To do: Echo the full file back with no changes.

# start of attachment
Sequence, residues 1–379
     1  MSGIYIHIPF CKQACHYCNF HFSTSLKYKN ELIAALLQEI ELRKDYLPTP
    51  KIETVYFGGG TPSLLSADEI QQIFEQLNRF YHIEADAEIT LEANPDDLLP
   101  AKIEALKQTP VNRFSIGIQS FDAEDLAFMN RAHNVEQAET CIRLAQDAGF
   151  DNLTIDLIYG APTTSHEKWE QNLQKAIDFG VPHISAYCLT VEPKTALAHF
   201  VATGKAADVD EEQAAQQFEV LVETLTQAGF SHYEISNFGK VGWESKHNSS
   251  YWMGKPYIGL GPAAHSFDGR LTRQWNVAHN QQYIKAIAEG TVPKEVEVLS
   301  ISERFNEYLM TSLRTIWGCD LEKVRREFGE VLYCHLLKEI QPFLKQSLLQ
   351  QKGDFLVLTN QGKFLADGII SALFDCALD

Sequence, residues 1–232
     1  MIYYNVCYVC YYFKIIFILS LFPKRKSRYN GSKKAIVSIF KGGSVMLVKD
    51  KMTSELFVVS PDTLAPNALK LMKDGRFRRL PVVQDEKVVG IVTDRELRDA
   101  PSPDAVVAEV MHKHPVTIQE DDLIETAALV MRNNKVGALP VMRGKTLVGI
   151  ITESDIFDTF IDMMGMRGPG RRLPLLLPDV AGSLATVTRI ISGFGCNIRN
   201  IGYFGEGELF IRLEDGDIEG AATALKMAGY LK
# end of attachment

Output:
Sequence, residues 1–379
     1  MSGIYIHIPF CKQACHYCNF HFSTSLKYKN ELIAALLQEI ELRKDYLPTP
    51  KIETVYFGGG TPSLLSADEI QQIFEQLNRF YHIEADAEIT LEANPDDLLP
   101  AKIEALKQTP VNRFSIGIQS FDAEDLAFMN RAHNVEQAET CIRLAQDAGF
   151  DNLTIDLIYG APTTSHEKWE QNLQKAIDFG VPHISAYCLT VEPKTALAHF
   201  VATGKAADVD EEQAAQQFEV LVETLTQAGF SHYEISNFGK VGWESKHNSS
   251  YWMGKPYIGL GPAAHSFDGR LTRQWNVAHN QQYIKAIAEG TVPKEVEVLS
   301  ISERFNEYLM TSLRTIWGCD LEKVRREFGE VLYCHLLKEI QPFLKQSLLQ
   351  QKGDFLVLTN QGKFLADGII SALFDCALD

Sequence, residues 1–232
     1  MIYYNVCYVC YYFKIIFILS LFPKRKSRYN GSKKAIVSIF KGGSVMLVKD
    51  KMTSELFVVS PDTLAPNALK LMKDGRFRRL PVVQDEKVVG IVTDRELRDA
   101  PSPDAVVAEV MHKHPVTIQE DDLIETAALV MRNNKVGALP VMRGKTLVGI
   151  ITESDIFDTF IDMMGMRGPG RRLPLLLPDV AGSLATVTRI ISGFGCNIRN
   201  IGYFGEGELF IRLEDGDIEG AATALKMAGY LK